“If you incessantly repeat a lie, the lie would become reality,” says Joseph Goebbels, German Nazi politician and Reich Minister of Propaganda from 1933 to 1945.
Social media was recently awash with Buhari’s alleged move to take a new wife, the gossip gained much currency and like a wild fire spread without any official denial.
The rumour which emanated from social media was fuelled by the absence of the First Lady who later disclosed that her absence was due to ill health.
“Fake news will lead this country to something else if actions are not taken with immediate effect,” Aisha Buhari said on her returned from the United Kingdom on Oct. 13
Her comment was sequel to President Muhammadu Buhari’s rumoured marriage to Hajia Sadiya Farouk, the Minister of Humanitarian Affairs, Disaster Management and Social Development.
Section 39 (1) of the Constitution of the Federal Republic of Nigeria (as Amended) provides for the freedom of speech and expression without limitation.
However such right does not exist in a vacuum, as it comes with criminal or civil defamation that could send the culprits to jail.
Though speculations were earlier rife that Aisha’s inability to pull her weight round the Villa recently was due to infighting.
But, Mr Suleiman Haruna, the Director of Information to the First Lady, debunked the insinuation, stating that there was nothing like infighting in Aso Villa due to Aisha’s absence in the country for about two months
Some Nigerians, who would not want to take the information of the president’s proposed wedding with a pinch of salt, went further to `feed their eyes’ on Friday at Abuja Central Mosque.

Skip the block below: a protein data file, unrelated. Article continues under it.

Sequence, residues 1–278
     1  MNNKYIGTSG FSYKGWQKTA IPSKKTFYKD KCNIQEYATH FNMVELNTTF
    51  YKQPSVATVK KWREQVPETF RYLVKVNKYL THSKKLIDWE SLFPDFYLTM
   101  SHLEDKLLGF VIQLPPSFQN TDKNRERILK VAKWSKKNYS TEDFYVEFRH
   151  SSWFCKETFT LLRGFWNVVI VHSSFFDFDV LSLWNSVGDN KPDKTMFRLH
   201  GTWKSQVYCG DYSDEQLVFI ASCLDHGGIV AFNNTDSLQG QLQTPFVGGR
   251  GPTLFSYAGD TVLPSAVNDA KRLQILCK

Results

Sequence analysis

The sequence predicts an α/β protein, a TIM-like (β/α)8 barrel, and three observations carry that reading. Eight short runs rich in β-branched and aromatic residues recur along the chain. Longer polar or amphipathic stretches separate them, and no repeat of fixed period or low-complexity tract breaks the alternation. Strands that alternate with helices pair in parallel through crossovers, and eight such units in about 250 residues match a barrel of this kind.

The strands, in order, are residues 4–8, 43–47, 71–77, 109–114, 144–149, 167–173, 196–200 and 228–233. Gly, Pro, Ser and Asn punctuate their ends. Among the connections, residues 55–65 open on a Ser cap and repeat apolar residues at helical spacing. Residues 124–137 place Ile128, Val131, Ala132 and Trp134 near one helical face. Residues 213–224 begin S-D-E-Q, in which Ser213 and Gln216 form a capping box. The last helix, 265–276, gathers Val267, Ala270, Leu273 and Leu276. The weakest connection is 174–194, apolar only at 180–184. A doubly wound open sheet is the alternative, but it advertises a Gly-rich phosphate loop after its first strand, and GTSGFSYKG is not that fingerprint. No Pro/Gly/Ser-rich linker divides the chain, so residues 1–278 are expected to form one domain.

The mosque prayer witnessed seemingly unprecedented number of faithful in what appeared to be an attempt by some curious worshippers cum observers to confirm or disbelief the story.
The wedding date was also widely circulated on the social media with Facebook and Twitter users aiding its circulation.
Dr Nathan Oguche of the Department of Mass Communication, Kogi State University, Ayingba, noted that the issue of fake news is a very complex one, adding that when there was no information; people would sell what was available.
He added that this notwithstanding, whether such information was real or not, promoters of fake news would go to town with what was available.
According to him, when people are creating the issue of Buhari getting married, it ought to be denied immediately.
“When you want to counter falsehood, you have to counter it with facts, but when facts are not available, people will continue to perpetrate this falsehood as facts until facts come to counter it,” he said.
He stated that when the citizenry were being suffocated and denied valuable information, the only option left was for them to trade in falsehood with the information at their disposal.
According to him, that is the basic problem we have within our government and in our democratic set up.
“We must curtail fake news by bringing out facts and you have to use the mainstream media to counter this falsehood,” he stated.